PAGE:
Solidarity’s efforts were aided by financial help from American trade unions, as well as constant moral support from Pope John Paul II. The pope returned to Poland in 1983 meeting with both General Jaruzelski AND Lech Walesa, making international headlines. The deeply religious Walesa fell to his knees in prayer at the first sight of the pope, and had to be coaxed to stand.
This strategic alliance with the Catholic Church, lent a powerful legitimacy. Solidarity enjoyed considerable support internationally. Lech Walesa was even awarded the 1983 Nobel Peace Prize. He sent his wife and children to collect the award in Norway, fearing General Jaruzelski wouldn’t allow him back in the country.
In 1985, Mikhail Gorbachev became the new Soviet Premier and began a more reformist agenda in Eastern Europe. Moral support came from President Ronald Reagan in the US and Margaret Thatcher in Britain, which refused to grant debt-ridden Communist Poland economic aid until it legalized Solidarity.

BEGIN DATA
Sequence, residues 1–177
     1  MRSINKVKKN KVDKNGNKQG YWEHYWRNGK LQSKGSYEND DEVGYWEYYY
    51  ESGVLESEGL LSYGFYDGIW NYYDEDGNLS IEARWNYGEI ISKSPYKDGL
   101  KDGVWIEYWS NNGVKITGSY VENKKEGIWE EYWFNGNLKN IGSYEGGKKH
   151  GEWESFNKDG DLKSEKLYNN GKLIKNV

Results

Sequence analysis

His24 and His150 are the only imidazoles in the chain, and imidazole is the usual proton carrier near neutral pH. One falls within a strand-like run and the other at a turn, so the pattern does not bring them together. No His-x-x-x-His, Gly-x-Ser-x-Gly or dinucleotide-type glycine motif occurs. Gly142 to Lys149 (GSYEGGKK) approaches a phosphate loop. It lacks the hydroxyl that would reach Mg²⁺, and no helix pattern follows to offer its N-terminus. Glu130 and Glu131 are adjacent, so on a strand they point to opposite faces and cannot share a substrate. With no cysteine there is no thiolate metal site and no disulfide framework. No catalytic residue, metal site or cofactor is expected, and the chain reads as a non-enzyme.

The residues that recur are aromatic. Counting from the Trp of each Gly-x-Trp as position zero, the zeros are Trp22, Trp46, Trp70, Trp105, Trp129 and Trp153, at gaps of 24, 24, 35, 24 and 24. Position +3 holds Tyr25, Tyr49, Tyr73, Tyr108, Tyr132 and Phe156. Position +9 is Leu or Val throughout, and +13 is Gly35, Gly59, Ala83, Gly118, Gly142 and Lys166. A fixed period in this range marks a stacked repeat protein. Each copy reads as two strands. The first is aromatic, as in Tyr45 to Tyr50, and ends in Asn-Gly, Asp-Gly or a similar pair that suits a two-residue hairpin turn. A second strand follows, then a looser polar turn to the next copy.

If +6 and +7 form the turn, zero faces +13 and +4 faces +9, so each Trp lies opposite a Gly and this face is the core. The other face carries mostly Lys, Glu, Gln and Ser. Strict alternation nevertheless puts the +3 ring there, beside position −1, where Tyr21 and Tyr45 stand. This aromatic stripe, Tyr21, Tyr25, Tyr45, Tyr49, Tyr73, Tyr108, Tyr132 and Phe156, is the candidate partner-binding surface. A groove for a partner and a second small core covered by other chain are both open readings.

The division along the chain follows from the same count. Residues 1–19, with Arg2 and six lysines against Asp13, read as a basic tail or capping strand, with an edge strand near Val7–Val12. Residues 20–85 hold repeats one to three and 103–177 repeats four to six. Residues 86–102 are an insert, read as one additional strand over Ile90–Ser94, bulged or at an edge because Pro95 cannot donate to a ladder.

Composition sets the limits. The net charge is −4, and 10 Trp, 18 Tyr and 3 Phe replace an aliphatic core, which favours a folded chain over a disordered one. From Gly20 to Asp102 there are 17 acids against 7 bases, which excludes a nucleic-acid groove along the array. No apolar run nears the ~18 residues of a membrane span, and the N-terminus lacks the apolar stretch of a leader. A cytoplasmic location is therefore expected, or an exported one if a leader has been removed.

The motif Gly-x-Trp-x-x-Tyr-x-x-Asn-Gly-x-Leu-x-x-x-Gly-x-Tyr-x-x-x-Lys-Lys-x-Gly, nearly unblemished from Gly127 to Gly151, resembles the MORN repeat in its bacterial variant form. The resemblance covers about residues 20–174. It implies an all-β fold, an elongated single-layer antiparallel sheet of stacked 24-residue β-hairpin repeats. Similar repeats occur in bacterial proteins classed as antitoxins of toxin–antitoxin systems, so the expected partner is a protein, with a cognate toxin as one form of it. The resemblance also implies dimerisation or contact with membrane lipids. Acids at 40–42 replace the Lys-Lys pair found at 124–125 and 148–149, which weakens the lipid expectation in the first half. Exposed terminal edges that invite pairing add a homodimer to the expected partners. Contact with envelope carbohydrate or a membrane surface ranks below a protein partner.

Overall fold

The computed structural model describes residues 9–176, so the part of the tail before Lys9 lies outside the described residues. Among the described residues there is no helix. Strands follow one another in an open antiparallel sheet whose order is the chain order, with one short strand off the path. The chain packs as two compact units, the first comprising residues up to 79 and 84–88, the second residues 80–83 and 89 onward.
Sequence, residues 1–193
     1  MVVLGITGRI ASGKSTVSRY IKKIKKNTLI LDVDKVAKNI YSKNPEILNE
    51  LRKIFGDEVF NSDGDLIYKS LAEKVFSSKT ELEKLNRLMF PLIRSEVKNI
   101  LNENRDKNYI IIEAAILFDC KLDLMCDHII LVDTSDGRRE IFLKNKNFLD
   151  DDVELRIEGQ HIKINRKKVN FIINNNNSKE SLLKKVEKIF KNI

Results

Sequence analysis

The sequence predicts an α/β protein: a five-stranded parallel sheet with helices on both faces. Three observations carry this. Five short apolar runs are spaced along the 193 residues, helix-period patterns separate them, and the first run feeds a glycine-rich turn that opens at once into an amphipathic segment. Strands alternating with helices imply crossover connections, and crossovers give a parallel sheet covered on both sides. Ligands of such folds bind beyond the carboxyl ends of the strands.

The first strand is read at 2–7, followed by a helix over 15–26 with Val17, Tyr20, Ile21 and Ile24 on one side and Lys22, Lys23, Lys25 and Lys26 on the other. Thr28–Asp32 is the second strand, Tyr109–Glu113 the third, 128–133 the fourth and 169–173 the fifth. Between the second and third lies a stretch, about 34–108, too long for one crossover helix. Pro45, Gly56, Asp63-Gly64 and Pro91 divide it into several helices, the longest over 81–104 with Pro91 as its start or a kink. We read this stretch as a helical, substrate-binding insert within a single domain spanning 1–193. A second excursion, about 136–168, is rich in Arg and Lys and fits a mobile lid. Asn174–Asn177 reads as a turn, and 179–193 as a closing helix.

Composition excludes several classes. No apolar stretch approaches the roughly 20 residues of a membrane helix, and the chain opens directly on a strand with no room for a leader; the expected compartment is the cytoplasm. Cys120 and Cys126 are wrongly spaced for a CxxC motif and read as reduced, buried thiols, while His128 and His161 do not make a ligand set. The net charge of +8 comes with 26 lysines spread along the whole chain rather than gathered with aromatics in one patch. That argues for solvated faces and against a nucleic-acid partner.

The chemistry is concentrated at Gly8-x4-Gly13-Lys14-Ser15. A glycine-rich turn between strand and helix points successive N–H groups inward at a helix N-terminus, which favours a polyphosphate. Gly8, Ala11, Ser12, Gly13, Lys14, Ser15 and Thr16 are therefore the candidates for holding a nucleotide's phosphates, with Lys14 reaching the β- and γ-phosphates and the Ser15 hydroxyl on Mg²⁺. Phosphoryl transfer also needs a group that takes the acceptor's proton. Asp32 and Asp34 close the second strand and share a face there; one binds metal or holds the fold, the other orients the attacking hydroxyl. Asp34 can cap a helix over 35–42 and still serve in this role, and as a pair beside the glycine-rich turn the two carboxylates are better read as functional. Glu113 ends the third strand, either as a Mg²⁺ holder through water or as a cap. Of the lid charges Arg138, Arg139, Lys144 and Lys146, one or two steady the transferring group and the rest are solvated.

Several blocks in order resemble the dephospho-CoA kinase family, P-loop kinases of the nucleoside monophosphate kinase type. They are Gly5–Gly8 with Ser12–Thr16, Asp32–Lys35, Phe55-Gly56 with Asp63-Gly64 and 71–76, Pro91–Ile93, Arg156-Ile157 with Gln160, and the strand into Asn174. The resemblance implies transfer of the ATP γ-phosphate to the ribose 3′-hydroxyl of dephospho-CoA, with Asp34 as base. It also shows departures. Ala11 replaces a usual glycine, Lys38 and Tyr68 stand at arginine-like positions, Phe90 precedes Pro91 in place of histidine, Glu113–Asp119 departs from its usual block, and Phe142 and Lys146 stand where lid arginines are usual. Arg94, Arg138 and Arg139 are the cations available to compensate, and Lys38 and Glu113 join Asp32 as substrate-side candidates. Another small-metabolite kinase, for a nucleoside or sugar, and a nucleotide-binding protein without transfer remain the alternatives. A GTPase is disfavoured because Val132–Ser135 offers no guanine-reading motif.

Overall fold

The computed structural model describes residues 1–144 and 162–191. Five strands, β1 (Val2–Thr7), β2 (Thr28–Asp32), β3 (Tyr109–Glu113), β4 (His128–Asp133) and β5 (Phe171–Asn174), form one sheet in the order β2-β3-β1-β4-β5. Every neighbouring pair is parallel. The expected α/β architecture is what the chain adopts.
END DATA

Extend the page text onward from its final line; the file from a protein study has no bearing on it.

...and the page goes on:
By 1988, the Communist Party was finally ready to negotiate.
They had little choice: rationing had been in place for most of the decade. Solidarity was simply too big and too broad to either repress or ignore. In early 1989, the 2 sides signed a 400-page agreement on sweeping political and economic reforms that officially recognized Solidarity again.
Its membership quickly increased to 1.5 million. In June 1989, in the first free elections took place in Polska since 1945. Solidarity was the main opposition to the Communists, sweeping to victory, winning all contested seats in the Polish Parliament. In August, a Solidarity-led coalition government was formed. None other than Lech Wałęsa was elected President. Of course, Solidarity now faced a new challenge: dismantling Communism and overseeing Poland’s transformation into a modern, democratic state.
Three months later, the West and East German people also rose up, and the infamous Berlin Wall finally came crumbling down. Communist Hungary and Czechoslovakia had similar, soft revolutions. In December 1991, Soviet Premier Mikhail Gorbachev suddenly announced the unthinkable – the complete dissolution of the Communist Soviet Union. Its member states would all become independent republics. Coincidence you say? I don’t think so. The world owes the end of Russian Communism and the Iron Curtain to Solidarnosc and the amazing courage of the Polish people.
For future posts, click FOLLOW below. For more by historical writer Paul Andrews, click BOOKS in the menu.
Similar themed posts: The Cold War’s forgotten Hungarian Revolution